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PowerMac 8500/120
[My desk circa 1997: PowerMac 8500/120, Apple Display, Apple laser printer, Iomega ZIP drive]

When I originally set out to write this post, I wondered whether it would focus more on Steve Jobs’s lasting legacy on the design world, the imminent closing of the Book Warehouse chain, or the newly issued iPad3. All three appear to be linked.

Although I’ve had Walter Isaacson’s hardcover book sitting on my shelf for several weeks, I’ve only recently been able to pick it up, plow through its 571 pages, and thus finally (five months later) come to grips with the fact that Steve is now longer on this planet.

Yes, I’m one of *those* Apple fans. I lived in both Southern and Northern California in the 80’s and (most of) the 90’s, having bought my first SE/30 (with an additional 13″ colour display) back in 1992. A good friend worked at Apple then, and he would frequently mention the ‘unpleasantries’ between the execs and the company culture’s less than perfect scenario.

In the winter of 1998, we were invited to the Apple campus to witness the live stream keynote and unveiling of the coloured iMacs. This was during a holiday to California, just over a year after I’d moved to Europe. The excitement of a new product (years later witnessed through online keynote addresses), always left the crowd awestruck, immediately coveting the latest creation.

Flower Power iMac 2001
[Flower Power iMac. Yes, I own one of these.]

Reading this biography made me again realize what an indelible footprint Jobs has left on both the technology and design fronts. His aim in life was to marry the two and keep them happy for eternity. Being a graphic designer, I can appreciate his insane attention to detail, to the point of often driving his team crazy day and night. He even obsessed over the oxygen masks used in hospital while he was receiving a liver transplant, inspecting several masks before he chose one (by that point, his wife Laurene was able to calm him down enough to let the medical team do their work).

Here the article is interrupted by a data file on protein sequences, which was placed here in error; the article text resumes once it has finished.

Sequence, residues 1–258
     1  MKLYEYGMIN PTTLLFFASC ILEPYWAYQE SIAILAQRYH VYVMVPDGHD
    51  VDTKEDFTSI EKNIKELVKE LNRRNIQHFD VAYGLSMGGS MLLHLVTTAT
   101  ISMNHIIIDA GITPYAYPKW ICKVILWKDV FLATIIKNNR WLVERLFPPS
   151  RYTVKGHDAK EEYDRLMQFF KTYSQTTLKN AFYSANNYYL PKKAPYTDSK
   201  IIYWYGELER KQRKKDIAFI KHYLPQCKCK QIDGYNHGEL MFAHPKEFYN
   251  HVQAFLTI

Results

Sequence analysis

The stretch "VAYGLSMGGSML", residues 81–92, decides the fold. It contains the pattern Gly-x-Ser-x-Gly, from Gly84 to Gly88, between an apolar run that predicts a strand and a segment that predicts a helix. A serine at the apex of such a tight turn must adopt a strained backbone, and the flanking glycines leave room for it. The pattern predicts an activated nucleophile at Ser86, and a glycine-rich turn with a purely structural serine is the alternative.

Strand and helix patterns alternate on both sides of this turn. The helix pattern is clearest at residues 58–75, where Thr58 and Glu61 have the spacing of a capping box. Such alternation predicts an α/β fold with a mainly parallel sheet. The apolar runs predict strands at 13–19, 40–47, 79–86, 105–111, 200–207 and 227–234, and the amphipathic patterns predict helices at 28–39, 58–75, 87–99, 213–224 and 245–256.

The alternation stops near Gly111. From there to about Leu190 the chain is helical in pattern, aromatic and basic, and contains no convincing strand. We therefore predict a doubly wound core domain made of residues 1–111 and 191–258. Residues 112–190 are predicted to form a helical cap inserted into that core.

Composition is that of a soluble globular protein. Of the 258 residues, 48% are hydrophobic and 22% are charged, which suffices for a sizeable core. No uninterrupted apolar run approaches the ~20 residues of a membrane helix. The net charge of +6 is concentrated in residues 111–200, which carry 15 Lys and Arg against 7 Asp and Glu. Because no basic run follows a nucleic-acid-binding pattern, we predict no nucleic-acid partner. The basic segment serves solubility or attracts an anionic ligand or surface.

It’s only fitting that I finish this book a day before the latest iPad is about to hit our doorstep. It may be the last hardcover book I read in awhile, if the iPad is everything it’s cracked up to be (my husband has the original version, but I don’t often get the chance to use it). Come to think of it, the iPad3 will be my first Apple product in a post-Steve world.

And with Book Warehouse (and others, including Kitsilano’s Canterbury’s) through, it’s a growing testament to the world of digital readers (iPad included) that consumers are ready to bring their reading piles onto the tablet.

I highly recommend the book, as it’s finally a way to understand the personality behind the brand. Though there’s been online backlash since its release, I take most things with a grain of salt and along with millions of other Apple fans, am grateful that someone’s come along to move people so passionately.

To quote Steve Jobs, “Every once in a while a revolutionary product comes along that changes everything. One is very fortunate if you get to work on just one of these in your career. Apple’s been very fortunate it’s been able to introduce a few of these into the world.”

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